Florence is the city of art par excellence: an interweaving of history and beauty that winds through the squares in the shadow of the most majestic Renaissance buildings in the world, or along the bustling walls of tourists whom crowd the cobbled streets to visit its symbolic museums. However, that's not all: the Tuscan capital is an epicenter of creativity and culture in constant evolution, which starts from a privileged perspective - that of the city steeped in history - to interpret present and future.
Precisely right in the middle of this cultural ferment, last January 17 and 18 our school hosted the zero edition of the international conference "Middle Ages through popular culture", a moment of programmatic reflection to assess the research, teaching and learning of medievalism. Starting from Dante, the two days saw experts and teachers from beyond the Alps, from the United States and from all over Italy, propose ideas on the most contemporary and "pop" themes as a magnifying glass for the decoding of a mysterious period and, in some respects, controversial, like that of "the middle ages".
The debate did not take long to ignite: from the passionate discussion on the figure of the heroine Joan of Arc, reinterpreted as a popular icon in the speech by Peter Jared Eubanks from James Madison University of Virginia, to the study of the work of Dante throughout the world, with its current limits, future perspectives and cross-media tools of the present to address it, in the panel by Brandon Essary of Elon University of North Carolina and Filippo Fonio from the Université Grenoble Alpes in France; or the keynote by Matteo Sanfilippo from the University of Tuscia on alternative "medioevi", generated by popular culture in the last twenty years and that of Tommaso Di Carpegna Falconieri of the University of Urbino "Ten ways to dream Medieval ... and perhaps one more".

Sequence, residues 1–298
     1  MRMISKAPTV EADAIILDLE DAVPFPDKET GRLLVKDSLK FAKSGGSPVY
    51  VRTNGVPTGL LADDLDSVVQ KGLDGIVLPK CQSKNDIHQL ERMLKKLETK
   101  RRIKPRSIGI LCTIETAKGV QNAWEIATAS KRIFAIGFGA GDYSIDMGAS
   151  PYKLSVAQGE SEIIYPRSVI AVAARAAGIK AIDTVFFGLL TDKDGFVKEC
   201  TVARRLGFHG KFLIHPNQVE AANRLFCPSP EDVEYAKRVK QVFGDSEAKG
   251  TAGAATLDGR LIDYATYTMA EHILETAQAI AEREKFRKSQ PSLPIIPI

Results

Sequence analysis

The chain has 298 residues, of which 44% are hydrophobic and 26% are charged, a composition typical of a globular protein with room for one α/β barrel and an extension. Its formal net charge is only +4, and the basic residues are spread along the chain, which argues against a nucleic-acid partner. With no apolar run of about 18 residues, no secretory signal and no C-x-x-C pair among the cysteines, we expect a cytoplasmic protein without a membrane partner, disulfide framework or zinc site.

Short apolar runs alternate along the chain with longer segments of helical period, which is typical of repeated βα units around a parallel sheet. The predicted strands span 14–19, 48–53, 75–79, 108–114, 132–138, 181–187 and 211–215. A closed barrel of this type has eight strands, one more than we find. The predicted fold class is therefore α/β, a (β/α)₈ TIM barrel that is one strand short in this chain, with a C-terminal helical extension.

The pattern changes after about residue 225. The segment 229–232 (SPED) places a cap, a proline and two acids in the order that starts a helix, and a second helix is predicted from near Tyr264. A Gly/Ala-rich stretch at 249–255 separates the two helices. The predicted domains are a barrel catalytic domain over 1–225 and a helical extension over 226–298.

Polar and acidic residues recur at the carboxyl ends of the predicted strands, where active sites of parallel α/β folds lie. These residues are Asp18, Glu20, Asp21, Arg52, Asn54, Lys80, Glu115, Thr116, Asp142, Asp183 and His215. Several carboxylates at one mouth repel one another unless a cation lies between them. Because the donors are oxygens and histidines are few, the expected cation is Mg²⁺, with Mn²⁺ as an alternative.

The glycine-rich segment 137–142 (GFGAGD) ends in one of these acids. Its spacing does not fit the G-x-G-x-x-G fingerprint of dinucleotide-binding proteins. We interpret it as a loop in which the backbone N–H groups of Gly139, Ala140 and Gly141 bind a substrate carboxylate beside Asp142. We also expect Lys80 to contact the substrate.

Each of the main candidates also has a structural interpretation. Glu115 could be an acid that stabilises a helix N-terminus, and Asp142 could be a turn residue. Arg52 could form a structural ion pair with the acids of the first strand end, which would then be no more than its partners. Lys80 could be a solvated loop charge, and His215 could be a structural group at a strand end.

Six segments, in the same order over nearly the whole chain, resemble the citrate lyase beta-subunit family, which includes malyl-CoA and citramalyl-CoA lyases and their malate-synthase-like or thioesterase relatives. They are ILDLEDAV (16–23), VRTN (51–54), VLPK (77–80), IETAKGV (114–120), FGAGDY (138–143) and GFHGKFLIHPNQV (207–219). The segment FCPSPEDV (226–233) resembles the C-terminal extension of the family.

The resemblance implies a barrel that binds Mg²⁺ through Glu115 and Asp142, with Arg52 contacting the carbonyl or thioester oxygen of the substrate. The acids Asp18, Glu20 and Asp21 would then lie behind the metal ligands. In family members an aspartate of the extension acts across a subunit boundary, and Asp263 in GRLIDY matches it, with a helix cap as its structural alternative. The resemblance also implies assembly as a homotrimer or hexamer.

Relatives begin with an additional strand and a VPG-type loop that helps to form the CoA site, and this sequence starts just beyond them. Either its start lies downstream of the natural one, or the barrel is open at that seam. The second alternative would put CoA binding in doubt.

And again, the focus on modern narratives, such as comics, Japanese manga, children's literature or the Western fantasy tradition, with the representation of a timeless Middle Ages, with standardizing and recurring elements in the collective imagination, such as the figure of Merlin the Magician, or the "forest system" as the scene of action; or the very current question of gender treated by Francesca Roversi Monaco of the University of Bologna through a detailed analysis of the role of the princess and her evolution in contemporary audiovisual productions.
So many ideas for reflection, in-depth analysis and new interpretations for a field of research still to be explored. Mark your calendars for 2019 with the first edition of the conference, don’t forget!